It seems like celebrities are the only ones talking about it, but plenty of everyday people are in open relationships as well. Polyamory means “loving many,” so people can be romantically involved with more than one person at a time. And in this one case, a man has found true happiness with two women … and the women are fine with the arrangement. Polyamory isn’t for everyone.
Dog-loving hearts around the country broke upon learning that a pup died on a United Airlines flight, which certainly didn’t improve United’s faltering reputation. The dog, a 10-month-old French bulldog, died during the trip after flight attendants forced his owner to put him in the overhead compartment. By the time the plane landed, the dog was dead. This incident was absolutely tragic, but unfortunately, it isn’t as rare as you might think.
Although we can tell a lot about Melania Trump by her body language, our current first lady has been pretty quiet so far. But whatever secrets she may or may not be hiding, they probably don’t compare to those of some of our previous presidents’ wives. Have you ever wondered what our regal and distinguished wives of presidents past were hiding? From secret love affairs to compulsive shopping, these former first ladies’ private lives make our current administration seem tame.
Muck Rack makes it simple to find people, tweets, or articles that mention any name, keyword, company, hashtag etc. We've compiled this guide to help you make the most of your search.
Selecting a term
Start searching tweets, articles from media outlets, articles mentioned in tweets, journalists'
names, titles and bios with some suggested searches:
Companies or Topics (e.g. iPhone, Microsoft)
Phrases (e.g. "cloud computing") — use quotes to keep the terms together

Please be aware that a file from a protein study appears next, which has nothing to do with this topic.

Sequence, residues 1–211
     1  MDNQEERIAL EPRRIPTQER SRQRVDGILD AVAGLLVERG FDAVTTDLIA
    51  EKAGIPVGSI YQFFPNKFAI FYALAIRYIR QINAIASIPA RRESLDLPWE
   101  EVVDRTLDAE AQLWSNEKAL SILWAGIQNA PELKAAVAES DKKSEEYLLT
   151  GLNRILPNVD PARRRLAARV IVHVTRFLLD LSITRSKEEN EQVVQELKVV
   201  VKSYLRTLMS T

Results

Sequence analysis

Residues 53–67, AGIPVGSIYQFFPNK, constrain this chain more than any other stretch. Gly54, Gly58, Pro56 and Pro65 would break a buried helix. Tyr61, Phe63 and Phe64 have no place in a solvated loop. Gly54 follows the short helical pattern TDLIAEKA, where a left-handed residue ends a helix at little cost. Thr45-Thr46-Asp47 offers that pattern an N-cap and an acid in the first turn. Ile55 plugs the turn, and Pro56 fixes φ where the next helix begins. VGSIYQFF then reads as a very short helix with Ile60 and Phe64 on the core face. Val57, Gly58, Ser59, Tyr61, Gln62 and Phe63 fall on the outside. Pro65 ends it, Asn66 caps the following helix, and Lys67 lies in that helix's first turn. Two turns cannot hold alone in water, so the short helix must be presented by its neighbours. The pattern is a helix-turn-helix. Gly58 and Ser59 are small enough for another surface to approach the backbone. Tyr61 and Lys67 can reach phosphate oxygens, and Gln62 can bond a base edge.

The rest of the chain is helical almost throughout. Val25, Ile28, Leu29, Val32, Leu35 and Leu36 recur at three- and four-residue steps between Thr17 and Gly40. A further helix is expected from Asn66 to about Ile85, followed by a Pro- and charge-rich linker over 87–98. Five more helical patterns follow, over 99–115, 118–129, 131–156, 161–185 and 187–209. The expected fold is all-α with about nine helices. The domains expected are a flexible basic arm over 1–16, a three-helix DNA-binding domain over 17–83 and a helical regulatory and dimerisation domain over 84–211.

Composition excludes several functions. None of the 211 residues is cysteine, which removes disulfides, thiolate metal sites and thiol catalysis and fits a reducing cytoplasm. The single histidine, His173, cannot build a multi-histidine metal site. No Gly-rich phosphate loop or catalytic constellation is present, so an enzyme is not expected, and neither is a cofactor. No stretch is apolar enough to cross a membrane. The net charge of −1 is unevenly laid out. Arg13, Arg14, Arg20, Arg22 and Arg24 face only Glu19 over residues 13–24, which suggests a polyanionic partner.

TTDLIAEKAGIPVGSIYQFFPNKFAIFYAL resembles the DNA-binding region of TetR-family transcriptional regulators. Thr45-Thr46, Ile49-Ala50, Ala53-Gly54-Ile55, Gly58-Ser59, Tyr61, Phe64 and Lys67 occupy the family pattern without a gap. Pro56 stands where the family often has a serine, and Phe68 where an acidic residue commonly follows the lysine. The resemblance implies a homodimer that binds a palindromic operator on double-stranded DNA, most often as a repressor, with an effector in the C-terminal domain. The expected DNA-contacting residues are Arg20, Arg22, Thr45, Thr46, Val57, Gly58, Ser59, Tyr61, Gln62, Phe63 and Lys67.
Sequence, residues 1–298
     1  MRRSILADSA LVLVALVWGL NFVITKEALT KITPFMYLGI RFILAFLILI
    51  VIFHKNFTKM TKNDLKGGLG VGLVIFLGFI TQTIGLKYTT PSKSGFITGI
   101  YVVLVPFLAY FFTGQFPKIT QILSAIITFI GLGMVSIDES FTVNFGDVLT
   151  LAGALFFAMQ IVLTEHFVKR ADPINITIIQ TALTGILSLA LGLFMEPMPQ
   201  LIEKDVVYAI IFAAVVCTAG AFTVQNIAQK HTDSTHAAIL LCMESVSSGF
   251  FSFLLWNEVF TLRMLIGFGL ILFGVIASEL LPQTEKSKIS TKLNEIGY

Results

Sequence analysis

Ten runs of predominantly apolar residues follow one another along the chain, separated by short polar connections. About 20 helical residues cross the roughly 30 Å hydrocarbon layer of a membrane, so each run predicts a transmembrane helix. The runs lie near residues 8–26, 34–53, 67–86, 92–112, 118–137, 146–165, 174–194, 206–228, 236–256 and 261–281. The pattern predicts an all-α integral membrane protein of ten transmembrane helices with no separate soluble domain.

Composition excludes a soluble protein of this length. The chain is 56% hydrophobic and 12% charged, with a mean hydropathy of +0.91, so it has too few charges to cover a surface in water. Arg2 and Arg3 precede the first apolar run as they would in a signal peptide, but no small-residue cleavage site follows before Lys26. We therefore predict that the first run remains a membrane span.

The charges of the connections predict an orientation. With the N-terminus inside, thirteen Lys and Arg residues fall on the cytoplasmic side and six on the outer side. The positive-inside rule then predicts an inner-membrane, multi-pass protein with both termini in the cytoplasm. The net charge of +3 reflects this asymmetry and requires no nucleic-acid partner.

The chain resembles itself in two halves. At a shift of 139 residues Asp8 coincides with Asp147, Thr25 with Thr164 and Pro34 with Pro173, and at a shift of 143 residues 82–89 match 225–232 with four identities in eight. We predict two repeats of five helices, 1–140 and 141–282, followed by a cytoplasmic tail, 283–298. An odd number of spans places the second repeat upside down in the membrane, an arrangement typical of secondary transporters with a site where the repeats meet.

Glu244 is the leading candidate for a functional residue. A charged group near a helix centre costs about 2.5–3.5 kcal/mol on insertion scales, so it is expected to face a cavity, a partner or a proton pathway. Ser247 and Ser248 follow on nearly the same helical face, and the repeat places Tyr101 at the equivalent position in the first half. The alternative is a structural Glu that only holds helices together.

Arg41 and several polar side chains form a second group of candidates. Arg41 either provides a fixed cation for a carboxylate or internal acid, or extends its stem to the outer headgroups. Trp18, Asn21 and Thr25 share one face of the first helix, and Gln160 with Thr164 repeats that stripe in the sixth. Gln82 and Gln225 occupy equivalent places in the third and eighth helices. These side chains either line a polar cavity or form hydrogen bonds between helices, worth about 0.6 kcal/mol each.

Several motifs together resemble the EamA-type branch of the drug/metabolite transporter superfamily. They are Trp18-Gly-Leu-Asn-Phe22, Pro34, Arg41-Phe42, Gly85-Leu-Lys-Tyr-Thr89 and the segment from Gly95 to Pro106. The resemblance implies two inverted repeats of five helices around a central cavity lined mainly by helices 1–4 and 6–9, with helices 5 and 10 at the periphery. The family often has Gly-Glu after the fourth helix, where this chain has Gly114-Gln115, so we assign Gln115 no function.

Twitter handles (e.g. @username) — returns those who have mentioned or replied to
Names (e.g. "David Pogue")
Hashtags (e.g. #sxsw, #london2012)
Bio details (e.g. vegan, Olympics, father)
Muck Rack's Advanced Search allows for many boolean operators.
Find results that mention multiple specified terms, use AND or
+. For example, ensure each result contains both Elon Musk and Mark Zuckerberg by
searching Musk AND Zuckerberg or Musk + Zuckerberg.
Use the operators OR or , to broaden your search when you'd like either of
multiple terms to appear in results. (This is the default behavior of our search when no operators
are used). For example, results will contain either cake or cookie by searching cake OR cookie or cake,cookie
Use NOT or - to subtract results from your search. For
example, searching Disney will yield results about the Walt Disney Company as well as Walt Disney
World Resort. To exclude mentions of Disney World, search for Disney -World or Disney
When using one of these operators with a phrase, enclose it in quotation marks. For example, you can
find results about smartphones excluding Apple's iPhone 4S by searching smartphone -"iPhone
Exact case matching or punctuation
If you're searching for a brand name or keyword that relies on specific punctuation marks or capitalization, you can
find results that match your exact query by adding matchcase: before the keyword you're searching for, like matchcase:E*TRADE .
Use parentheses to separate multiple
boolean phrases. For example, to find journalists talking about having fun in Disney World or
Disneyland, search for ("disney world" OR disneyland) AND fun.
An asterisk can be used to search for any variation of a root word truncated by the asterisk. For example, searching for admin* will return results for administrator, administration, administer, administered, etc.
A near operator is an AND operator where you can control the distance between the words. You can vary the distance the near operation uses by adding a forward slash and number (between 0-99) such as strawberries NEAR/10 "whipped cream", which means the strawberries must exist within 10 words of "whipped cream".